This strategy, which was established before the eco­nomic crisis, is extremely relevant under the current situation. For example, the bank’s implementation of transaction banking, supply chain financing, family bank­ing and digital strategies is having a positive impact on the community, making it easier and more convenient for customers to bank.

Among numerous other accolades including LMD’s Most Awarded entity, I am pleased to say that NDB was named the Best Bank in Sri Lanka by Global Finance in the US in 2022 for the fourth consecutive year.

Q: What is NDB doing to engage with the community and other stakeholders during this time?
A: At NDB, community en­gagement is woven into the fabric of how we operate.

Our CSR activity is designed to create sustainable and re­silient communities that help build capacity. We work with vulnerable segments to im­prove financial inclusivity such as our Banking on Women initiative.

Recently NDB conducted specially curated programmes for schools located close to the Anawilundawa Wetland Sanctuary.

There has also been signi­ficant growth for women in small and medium-size businesses in Sri Lanka even amidst countless market challenges. This is the result of an initiative between NDB and the International Finance Corporation (IFC), which has led to the opening of over 49,000 new savings accounts dedicated to women and increasing the value of deposits by 600 percent.

It has also helped grow the portfolio value of outstanding women small and medium en­terprise (WSME) from US$ 3.3 million to 12.6 million dollars in two years. The pro­gramme aims to increase fi­nan­cial inclusion in the coun­try with a special focus on financing for women. It has proved successful with retail assets growing by 21 percent amongst the female base.

We expect to push forward with our backing for the ex­port sector. There will also
be an increased focus on re­mittances so that we can lend our support to ensuring the smooth flow of essentials. This will enable the economy to keep ticking while creating capacity for employment.
The bank is mindful that extending credit will have to be carefully considered since high interest rates and increasing inflation will di­minish repayment capacity.

Meanwhile, NDB’s digital solutions continue to bank previously unbanked cus­to­mers in its push to improve financial inclusivity while making day-to-day personal banking transactions hassle free and convenient.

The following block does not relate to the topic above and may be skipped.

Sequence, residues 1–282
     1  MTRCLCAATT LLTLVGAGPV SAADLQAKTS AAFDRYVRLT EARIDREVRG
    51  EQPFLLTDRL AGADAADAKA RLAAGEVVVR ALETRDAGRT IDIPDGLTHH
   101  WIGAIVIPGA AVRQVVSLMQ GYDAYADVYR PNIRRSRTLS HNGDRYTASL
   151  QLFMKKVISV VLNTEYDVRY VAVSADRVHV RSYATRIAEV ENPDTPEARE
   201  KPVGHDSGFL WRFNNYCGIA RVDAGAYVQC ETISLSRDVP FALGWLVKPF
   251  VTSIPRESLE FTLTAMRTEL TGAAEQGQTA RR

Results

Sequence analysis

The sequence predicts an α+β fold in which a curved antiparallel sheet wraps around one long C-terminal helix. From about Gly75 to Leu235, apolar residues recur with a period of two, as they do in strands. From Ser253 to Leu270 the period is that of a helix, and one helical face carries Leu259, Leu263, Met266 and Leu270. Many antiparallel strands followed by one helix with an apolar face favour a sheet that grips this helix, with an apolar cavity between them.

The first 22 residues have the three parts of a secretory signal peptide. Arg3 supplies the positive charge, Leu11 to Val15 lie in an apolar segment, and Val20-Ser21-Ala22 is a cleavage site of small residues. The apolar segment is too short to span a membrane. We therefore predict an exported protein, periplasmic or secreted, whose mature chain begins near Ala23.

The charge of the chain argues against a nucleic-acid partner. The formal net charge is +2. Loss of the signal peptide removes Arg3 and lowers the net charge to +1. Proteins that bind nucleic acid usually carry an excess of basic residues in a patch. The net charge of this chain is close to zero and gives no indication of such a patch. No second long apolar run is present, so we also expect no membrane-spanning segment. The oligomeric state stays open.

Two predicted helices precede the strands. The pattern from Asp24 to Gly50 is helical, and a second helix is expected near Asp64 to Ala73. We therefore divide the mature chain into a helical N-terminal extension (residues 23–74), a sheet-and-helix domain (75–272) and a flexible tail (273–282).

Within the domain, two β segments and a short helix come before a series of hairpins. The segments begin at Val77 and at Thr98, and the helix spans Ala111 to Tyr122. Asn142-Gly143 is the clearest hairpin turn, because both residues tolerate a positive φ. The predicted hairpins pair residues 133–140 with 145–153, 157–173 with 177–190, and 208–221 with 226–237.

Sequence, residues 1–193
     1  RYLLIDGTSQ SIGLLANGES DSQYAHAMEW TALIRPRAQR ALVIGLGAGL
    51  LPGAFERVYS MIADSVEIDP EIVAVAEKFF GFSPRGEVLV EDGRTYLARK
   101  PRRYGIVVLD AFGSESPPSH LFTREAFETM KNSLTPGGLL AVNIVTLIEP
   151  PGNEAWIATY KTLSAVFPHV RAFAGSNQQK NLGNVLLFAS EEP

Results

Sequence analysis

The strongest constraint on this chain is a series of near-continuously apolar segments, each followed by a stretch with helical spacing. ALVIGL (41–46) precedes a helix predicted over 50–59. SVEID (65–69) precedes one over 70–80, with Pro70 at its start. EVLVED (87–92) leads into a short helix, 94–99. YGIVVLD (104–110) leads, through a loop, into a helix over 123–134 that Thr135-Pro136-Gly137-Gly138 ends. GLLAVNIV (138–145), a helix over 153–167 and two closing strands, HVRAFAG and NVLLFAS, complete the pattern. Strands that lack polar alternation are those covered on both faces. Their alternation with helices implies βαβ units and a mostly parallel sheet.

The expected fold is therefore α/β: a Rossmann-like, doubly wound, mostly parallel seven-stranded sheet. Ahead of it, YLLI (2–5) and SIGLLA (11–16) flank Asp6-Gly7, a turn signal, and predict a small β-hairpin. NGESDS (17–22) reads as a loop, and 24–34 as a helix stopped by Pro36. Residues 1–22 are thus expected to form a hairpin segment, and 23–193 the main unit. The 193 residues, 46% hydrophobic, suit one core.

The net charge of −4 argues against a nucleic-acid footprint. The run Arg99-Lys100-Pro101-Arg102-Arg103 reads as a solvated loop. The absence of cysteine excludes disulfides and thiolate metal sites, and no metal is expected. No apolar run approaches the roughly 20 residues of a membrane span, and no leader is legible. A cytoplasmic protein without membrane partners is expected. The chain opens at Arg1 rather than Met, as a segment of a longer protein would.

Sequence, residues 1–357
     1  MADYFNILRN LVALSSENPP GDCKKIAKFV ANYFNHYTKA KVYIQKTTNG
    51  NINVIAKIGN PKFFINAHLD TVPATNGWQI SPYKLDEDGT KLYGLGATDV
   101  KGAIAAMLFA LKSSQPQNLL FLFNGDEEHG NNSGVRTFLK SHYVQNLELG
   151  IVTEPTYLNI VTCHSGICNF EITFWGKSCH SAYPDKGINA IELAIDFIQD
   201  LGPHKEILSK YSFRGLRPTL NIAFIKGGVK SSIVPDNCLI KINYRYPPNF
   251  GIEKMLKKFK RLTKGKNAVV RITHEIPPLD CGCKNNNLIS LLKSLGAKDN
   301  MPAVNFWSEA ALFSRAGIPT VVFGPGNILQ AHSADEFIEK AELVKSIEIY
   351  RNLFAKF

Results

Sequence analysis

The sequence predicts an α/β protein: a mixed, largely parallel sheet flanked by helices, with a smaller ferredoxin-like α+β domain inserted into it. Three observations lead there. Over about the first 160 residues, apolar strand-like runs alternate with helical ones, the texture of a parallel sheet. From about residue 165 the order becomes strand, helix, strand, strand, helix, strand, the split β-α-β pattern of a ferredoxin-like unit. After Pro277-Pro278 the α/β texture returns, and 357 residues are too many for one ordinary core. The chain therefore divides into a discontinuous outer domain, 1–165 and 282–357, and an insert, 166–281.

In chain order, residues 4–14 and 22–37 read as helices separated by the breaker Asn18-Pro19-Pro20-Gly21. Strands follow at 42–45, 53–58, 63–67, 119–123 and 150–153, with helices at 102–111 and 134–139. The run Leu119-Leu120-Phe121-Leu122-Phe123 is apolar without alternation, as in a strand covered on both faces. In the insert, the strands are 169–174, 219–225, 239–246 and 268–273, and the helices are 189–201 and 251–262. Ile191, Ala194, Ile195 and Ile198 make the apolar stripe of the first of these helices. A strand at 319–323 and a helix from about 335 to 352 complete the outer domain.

Q: Do you expect to see more of M&As in the current scenario?
A: Not immediately. However, I suppose we will see an in­crease in M&As before this crisis is over. The IMF expects the economy to contract significantly and in order to survive on a limited level of sales, businesses will have to pool resources.

This may be one of the most prudent routes to take considering the current situa­tion. It will help improve efficiencies and achieve break even volumes, as well as increase competitiveness locally and globally. As a Group, NDB will actively support M&As through its investment banking arm supported by NSB Securities and NDB Bank.

Q: What is the best mone­tary policy you expect to see as the nation moves towards economic recovery?
A: Considering the current situation at hand, there isn’t a specific ‘best’ monetary policy to consider. However, the current monetary policy has to change to manage the economy as it transitions.

It is also paramount that the monetary and fiscal policies go hand in hand.

The printing of money has to be curtailed and interest rates need to be moderate
to sustain economic activity. However, rising inflation driven by excessive demand and compounded by restricted supply due to local and global issues is a very difficult com­bination to contain. That’s why a dynamic monetary policy is necessary. And foreign exchange market stability and the free movement of capital needs to be encouraged.

Meanwhile, the country’s reserves must be replenished to support a meaningful monetary policy. These measures have several practical challenges but this is the best time to introduce such policy reforms that will have a lasting positive impact on the country in the long term.

– Compiled by Yamini Sequeira